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Also in the news / Festival dates announced, decarbonising housing, respitality available again, Find your True North, and more …

The Find Your True North was launched on Wednesday to coincide with the final episode of the series six of the Shetland crime drama. Photo: Promote Shetland

A HIGH profile digital marketing campaign to attract more visitors to the islands this winter has been launched by Promote Shetland this week.

The Find Your True North campaign has been described as an ambitious multi-channel publicity drive.

Visit Scotland funding totalling £60,000 made the publicity drive possible and the work is in addition to Promote Shetland’s core effort to market Shetland as an attractive place to live, work, visit, study and invest.

The Promote Shetland contract is currently held by local company NB Communication. Its head of content marketing Adam Civico said the desire to extend the season into the winter months had been a long-held aspiration for the tourism industry.

“Our Find Your True North campaign builds on Shetland’s location and the sense of adventure and excitement that visitors can experience in the winter,” he said.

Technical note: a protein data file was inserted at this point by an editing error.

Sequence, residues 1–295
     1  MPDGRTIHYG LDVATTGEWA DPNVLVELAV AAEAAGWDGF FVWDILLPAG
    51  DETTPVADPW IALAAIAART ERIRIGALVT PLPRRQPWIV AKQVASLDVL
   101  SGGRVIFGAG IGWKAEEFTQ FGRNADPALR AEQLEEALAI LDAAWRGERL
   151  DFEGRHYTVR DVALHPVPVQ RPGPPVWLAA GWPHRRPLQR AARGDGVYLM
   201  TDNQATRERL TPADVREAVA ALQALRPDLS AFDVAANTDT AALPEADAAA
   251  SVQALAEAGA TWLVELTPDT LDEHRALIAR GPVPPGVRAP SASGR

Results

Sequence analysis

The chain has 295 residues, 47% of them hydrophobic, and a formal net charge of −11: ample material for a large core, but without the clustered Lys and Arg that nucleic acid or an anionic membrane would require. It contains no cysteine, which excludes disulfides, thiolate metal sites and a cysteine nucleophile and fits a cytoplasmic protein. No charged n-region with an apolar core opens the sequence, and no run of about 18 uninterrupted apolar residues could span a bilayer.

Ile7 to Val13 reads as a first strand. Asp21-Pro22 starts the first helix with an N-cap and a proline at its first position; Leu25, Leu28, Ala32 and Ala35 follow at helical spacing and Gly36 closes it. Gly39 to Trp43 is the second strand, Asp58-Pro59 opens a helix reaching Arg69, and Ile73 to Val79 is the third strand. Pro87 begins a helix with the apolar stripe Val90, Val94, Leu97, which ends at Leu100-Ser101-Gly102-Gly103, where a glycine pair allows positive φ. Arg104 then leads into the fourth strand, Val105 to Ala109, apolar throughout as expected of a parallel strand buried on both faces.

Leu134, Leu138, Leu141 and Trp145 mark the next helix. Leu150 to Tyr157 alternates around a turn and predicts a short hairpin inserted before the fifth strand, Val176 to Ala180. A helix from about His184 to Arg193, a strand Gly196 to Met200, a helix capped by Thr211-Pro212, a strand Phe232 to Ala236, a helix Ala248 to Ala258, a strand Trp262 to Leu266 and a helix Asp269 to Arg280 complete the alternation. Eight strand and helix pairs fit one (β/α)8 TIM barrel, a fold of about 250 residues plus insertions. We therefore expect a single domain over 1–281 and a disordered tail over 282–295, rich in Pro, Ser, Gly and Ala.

A new campaign website has been launched at https://www.shetland.org/visit/winter

Icelandic director Yrsa Rosa Fannberg attended this year’s Screenplay.

SHETLAND Arts has announced the dates for next year’s film and literature festivals.

Screenplay will run over five days from 30 August to 4 September, while Wordplay has a four-day slot between 22 and 25 September 2022.

The arts development agency said two of the UK’s most northerly art festivals would run in accordance with the Covid guidelines at that time, after this year’s festivals were successfully held as hybrid events.

The 2021 festivals saw audiences of 2,000 across 52 screenings and 17 talks and workshops, despite the challenges of running in-person events during COVID-19, Shetland Arts said.

The agency added that it would welcome discussions regarding potential sponsorship opportunities of the festivals.

THE Scottish Government has confirmed that significant additional spending on housing will be needed and that a task force to tackle decarbonisation of the country’s housing stock is to be established.

During parliament this week, Shetland MSP Beatrice Wishart raised the need for extra funding for the Highlands and islands area due to higher level of fuel poverty.

Wishart has previously raised the issue of housing shortages in the isles and the negative impact on depopulation.

“It is one thing to build new houses to the most modern designs and energy efficient standards.  It is quite another to retrofit and upgrade existing housing stock, let alone future proof them, without more investment in terms of money and resource,” she said.

“Energy efficient standards change and social landlords must update properties accordingly. In the long-term future-proofing is likely to be cost saving.”

Jonathan Williamson of Fjara and VAS carer support worker Kirsten Harcus outside the popular cafe in Lerwick.